Blast blows hole in commercial plane over Somalia; 1 falls and dies

Story highlights

  • Source tells CNN that authorities think one person went through hole in plane and fell to death
  • The explosion rocked Daallo Airlines Flight 3159 soon after it took off from Mogadishu
  • Initial tests of the damage are positive for explosive residue, a knowledgeable source says

Nairobi, Kenya (CNN)An explosion rocked a commercial plane after it set off above East Africa on Tuesday, injuring two people before the pilot landed safely, a passenger said.

Somali authorities later discovered a body near Mogadishu they believe fell from the Daallo Airlines plane.
    Late Tuesday night, a source with knowledge of the investigation told CNN that Somali authorities confirmed one passenger had been blown or ejected out of the hole created by the explosion. Somalia's National News Agency reported that one passenger died after falling from the plane.
    Pictures from the ground showed a hole in one side of the airliner, just above its wing and slightly smaller than one of its doors.
    Initial tests of the damage on Flight D3159 came back positive for explosive residue, a source with knowledge of the investigation told CNN.
    A spokesman for Somali Prime Minister Omar Abdirashid Ali Sharmarke didn't immediately indicate a bomb had gone off mid-flight, echoing a Daallo Airlines worker in saying "the incident is under investigation."
    Oxygen masks dangle from the plane's ceiling after Tuesday's explosion.
    "There is a lot of conflicting information," said the Prime Minister's spokesman, Abdisalam Aato.
    Daallo CEO Mohammed Ibrahim Yassin told Forbes.com that it was too early to say what caused the explosion.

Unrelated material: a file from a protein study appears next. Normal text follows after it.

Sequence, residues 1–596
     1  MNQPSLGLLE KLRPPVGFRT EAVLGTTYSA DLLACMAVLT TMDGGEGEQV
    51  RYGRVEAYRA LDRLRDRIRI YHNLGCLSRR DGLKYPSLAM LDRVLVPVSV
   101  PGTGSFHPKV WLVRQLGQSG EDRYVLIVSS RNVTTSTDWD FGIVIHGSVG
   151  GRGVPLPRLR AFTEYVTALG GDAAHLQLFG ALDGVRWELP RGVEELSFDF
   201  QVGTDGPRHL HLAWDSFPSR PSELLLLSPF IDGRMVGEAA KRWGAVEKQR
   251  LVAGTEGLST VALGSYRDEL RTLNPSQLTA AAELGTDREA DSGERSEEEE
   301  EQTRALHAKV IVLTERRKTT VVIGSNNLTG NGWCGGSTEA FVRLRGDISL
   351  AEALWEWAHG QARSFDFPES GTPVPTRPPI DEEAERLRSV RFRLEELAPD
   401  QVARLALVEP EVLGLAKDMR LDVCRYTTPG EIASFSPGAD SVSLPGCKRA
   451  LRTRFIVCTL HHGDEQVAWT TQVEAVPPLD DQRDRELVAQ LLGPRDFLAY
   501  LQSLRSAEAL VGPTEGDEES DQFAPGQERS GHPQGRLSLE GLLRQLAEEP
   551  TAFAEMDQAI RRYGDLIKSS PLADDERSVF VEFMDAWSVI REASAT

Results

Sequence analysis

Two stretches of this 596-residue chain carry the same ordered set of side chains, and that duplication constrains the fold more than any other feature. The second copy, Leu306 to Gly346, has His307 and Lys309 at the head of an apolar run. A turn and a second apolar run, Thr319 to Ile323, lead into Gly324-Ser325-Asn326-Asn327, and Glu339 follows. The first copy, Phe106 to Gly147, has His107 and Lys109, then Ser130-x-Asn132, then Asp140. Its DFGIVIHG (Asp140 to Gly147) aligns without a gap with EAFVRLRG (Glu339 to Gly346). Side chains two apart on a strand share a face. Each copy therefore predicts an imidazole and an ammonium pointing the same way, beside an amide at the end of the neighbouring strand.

"Nothing is certain," he said. He acknowledged that some people believed there was a bomb. "The Civil Aviation (Authority) thinks differently."
    An airport official estimated the Daallo plane was between 12,000 and 14,000 feet high when the blast occurred not long after it took off from Mogadishu International Airport.
    The pilot then flew the Airbus A321-111, which had originated in Jeddah on Saudi Arabia's Red Sea coast, back to the Somali capital.
    If this was a bomb, no group immediately took responsibility.
    Al-Shabaab has been behind some of the worst violence in recent years in and around Somalia. Some of it targeted tourists, such as last month's deadly attack on a beachside restaurant-hotel complex in Mogadishu. Young people also have been targets, as shown in the massacre at Kenya's Garissa University College. And the general public hasn't escaped the group's violence, as evidenced in a 2013 assault on an upscale mall in Nairobi.
    Yet this Islamist extremist group has recently gotten competition from ISIS, with a high-ranking Al-Shabaab member and spiritual leader pledging allegiance to the rival group last fall.
    Flights in and out of Mogadishu International Airport were suspended briefly Tuesday because of the Daallo Airlines incident.
    That airport is home to offices of the United Nations, African Union and many diplomatic missions, including those of the United States and European Union.
    Daallo Airlines is based in the United Arab Emirates and has flights to Djibouti, Kenya, Saudi Arabia and Somalia.